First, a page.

Blog Posts by Ann Linnea

The Perspective of Time

The ridge top wind is ripping at my rain gear, frequently knocking me off balance. Rain is blowing sideways. Ahead is a small opening into the heart of an ancient rock tomb. I bend over and make my way inside. First one step, then the next. Quiet. Neither wind nor rain can penetrate here. My eyes slowly adjust to the dim light. Ten steps ahead the passage ends in a chamber. I stand upright and ...
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A Scholarship for Paramedics

The world is full of news about natural disasters as we in the northern hemisphere make the turn from summer to fall—Hurricane Harvey hitting Texas, Hurricane Irma hitting the Caribbean Islands and Florida, wildfires all over the western United States, and then a huge earthquake in Mexico. These disasters are profoundly served by emergency medical professionals—in my eyes the true modern day heroes. This weekend also marks another cycle of the Brian Schimpf memorial scholarship ...
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Climbing the Big Tree

“Do you want to go higher?” came the question from the dusky shadows below. Our 12-year-old grandson, Jaden, and I looked down the deeply furrowed bark of the immense Douglas fir tree towards our guide and the source of the question. We two were about 85 feet up in the air, resting in our climbing harnesses tethered about half way up a 250-year old Douglas fir tree. Jaden looked from the guide back at me ...
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Community Sit Spots

My last blog was about the benefit of establishing a Sit Spot in nature. If there is personal benefit from having your own Sit Spot, what could be accomplished by Community Sit Spots? Whidbey Island Audubon Society with support from the Island County Marine Resources Committee has sent 40-60 volunteers out to island beaches for one hour of Sit Spot activity every week from mid June to mid August for the past thirteen summers. Nesting ...
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Sit Spot

The idea is simple, really. Plunk yourself down someplace outdoors and sit still for 15 minutes—no electronic devices, no books, just your eyes, ears, and sense of smell wide open. What do you observe? On Mother’s Day I was making a call to my dear 90-year-old mother while sitting indoors near our front picture window. It was early morning, chilly and overcast. While talking with Mom, I noticed the little junco leave its nest on ...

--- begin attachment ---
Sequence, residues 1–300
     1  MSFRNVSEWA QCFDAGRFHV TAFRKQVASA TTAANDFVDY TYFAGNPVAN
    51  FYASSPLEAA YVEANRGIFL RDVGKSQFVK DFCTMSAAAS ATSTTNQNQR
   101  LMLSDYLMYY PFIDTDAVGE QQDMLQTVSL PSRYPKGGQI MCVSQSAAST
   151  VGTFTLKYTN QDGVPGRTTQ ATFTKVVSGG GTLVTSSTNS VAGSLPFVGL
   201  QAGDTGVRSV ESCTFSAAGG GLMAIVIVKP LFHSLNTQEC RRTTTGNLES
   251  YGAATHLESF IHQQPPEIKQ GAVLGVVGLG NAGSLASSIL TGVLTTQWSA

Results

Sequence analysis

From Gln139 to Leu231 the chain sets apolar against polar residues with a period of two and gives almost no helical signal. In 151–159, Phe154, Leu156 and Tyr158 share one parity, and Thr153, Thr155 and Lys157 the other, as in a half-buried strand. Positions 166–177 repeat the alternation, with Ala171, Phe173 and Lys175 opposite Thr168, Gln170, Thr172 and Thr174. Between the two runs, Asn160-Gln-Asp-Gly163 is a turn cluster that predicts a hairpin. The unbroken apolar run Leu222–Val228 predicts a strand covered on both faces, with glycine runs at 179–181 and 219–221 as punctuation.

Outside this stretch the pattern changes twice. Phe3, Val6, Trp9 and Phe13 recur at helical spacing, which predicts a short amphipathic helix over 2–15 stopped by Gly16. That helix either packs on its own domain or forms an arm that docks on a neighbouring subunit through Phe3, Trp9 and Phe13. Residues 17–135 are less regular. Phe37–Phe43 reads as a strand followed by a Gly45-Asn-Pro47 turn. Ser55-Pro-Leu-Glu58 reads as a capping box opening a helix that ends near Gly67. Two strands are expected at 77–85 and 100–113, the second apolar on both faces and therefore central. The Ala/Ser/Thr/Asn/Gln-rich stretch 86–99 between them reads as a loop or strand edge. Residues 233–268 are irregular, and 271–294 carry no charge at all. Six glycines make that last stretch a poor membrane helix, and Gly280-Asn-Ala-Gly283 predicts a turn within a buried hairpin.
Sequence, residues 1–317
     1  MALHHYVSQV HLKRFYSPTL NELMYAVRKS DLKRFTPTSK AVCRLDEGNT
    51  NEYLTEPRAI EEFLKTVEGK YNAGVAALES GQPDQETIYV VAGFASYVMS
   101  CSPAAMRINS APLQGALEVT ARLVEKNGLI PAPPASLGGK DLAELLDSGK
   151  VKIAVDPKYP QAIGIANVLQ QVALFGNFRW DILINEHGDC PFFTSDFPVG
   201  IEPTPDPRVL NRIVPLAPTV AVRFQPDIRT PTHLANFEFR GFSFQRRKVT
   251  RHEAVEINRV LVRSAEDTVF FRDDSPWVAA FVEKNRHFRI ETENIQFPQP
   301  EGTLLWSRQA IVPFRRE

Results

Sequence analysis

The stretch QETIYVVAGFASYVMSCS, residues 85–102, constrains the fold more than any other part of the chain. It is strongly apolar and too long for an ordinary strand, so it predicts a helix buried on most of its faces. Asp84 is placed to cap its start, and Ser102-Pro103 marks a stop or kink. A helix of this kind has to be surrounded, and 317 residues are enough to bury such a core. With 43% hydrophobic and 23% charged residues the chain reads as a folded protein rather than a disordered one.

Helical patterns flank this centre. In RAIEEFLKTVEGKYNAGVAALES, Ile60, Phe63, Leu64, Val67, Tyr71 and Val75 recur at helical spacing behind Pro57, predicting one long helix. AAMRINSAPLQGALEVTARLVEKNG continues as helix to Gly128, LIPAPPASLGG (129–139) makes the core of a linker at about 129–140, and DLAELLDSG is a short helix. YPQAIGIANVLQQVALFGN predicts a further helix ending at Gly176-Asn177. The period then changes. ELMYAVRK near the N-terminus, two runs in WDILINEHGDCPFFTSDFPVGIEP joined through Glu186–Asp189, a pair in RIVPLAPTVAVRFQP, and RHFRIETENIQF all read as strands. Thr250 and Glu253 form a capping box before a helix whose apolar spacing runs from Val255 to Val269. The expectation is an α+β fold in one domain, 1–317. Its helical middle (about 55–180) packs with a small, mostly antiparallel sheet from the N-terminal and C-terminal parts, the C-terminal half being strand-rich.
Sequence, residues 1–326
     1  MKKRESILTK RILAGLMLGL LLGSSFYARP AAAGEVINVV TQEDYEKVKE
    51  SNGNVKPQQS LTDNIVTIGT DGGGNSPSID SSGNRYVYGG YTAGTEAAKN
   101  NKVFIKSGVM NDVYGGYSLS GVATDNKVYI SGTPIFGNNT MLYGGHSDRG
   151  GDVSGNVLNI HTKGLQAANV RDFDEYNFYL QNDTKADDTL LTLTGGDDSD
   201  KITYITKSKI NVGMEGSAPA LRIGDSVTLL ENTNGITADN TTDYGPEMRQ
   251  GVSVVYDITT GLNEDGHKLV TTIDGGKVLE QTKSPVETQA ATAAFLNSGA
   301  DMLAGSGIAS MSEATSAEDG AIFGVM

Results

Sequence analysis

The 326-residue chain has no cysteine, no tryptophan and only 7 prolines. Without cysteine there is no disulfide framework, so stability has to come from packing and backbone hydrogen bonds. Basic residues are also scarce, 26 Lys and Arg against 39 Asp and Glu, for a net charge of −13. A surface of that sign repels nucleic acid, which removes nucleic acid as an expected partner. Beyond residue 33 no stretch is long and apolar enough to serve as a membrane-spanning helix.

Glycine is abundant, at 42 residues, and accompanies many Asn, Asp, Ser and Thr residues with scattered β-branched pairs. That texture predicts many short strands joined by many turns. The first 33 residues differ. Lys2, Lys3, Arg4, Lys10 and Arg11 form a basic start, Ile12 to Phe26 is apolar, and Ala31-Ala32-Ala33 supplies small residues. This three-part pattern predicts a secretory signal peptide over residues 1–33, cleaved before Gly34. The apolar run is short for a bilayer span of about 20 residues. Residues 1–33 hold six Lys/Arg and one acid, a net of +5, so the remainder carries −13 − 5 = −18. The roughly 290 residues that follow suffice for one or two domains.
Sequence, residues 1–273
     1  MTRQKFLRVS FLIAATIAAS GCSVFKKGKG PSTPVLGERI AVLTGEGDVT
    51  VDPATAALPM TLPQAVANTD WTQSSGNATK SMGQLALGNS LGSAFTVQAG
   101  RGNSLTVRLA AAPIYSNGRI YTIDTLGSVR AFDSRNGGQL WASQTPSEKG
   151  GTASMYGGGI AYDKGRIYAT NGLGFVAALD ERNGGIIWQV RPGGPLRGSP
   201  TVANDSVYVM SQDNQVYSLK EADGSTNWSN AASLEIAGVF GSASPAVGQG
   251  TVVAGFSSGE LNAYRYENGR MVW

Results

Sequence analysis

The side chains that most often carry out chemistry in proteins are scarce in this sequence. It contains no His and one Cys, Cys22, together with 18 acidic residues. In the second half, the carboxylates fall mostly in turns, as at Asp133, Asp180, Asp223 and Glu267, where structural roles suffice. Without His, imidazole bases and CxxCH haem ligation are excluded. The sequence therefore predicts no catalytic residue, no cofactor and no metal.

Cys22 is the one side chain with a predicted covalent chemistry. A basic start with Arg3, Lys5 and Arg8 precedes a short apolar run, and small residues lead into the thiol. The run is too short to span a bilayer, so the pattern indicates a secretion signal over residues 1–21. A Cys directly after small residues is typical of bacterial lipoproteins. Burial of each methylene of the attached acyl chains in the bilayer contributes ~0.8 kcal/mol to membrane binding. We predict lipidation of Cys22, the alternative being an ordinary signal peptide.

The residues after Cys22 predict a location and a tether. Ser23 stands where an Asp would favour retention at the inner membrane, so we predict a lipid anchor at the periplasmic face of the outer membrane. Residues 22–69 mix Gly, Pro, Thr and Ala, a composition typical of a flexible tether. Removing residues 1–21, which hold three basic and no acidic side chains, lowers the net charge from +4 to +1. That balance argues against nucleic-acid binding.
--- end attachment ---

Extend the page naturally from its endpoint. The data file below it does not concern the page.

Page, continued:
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Youth—Let’s Talk!

It has been my great privilege and joy to spend much of my time these last weeks immersing myself in youthful spontaneity, curiosity, and creativity. First, there was our marvelous, annual time with our dear grandchildren. Jaden (12) and Sasha (6) are city kids with a willingness to follow their grandmothers most anywhere.    This year we decided to take them to Orcas Island for 5 days of exploration based in a cabin with no ...
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Tiny, Ubiquitous Treasures

Big fast-moving things grab our attention: eagles, wolves, and cougars. But we miss much by overlooking tiny, stationary creatures around us. The creatures I write about are everywhere—all habitats on all seven continents. And they have been with us since life first emerged from the oceans onto land. They can lie dormant for over 40 years waiting for one drop of water and they are capable of that most miraculous of life processes: photosynthesis. They ...
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Remember Beauty

In this time of fast-moving changes, dire predictions for the earth and ocean’s future, and political infighting that is, at best, unsettling, let us look to nature and poetry for reassurance. William Wordsworth lived from 1770-1850, in far different times from ours. Yet, the first lines of one of his most famous poems is perfect for these times: The World is Too Much With Us The world is too much with us; late and soon, ...
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Take the Long View

Now what do we do? On January 24, 2017 U.S. President Donald Trump issued an executive order to commence construction of the Dakota Access Pipeline. On December 4, 2016 the U.S. Army Corps of Engineer ordered a halt to construction until an Environmental Impact Statement could be completed. What will happen now? What do those of us who care about protecting treaty lands of the Standing Rock Sioux nation and water quality for people along the ...
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Conversation Matters

Originally posted on Wednesday, December 28th, 2016 by Ann Linnea It was a privilege to have the resources and skills to go to Standing Rock (Dec. 2-10, 2016). I was able to be there at a moment when the David vs. Goliath battle between a small tribe of Native Americans against a huge corporate entity tipped in favor of the underdog. The seemingly intangible powers of prayer and nonviolence manifested in a tangible order from ...
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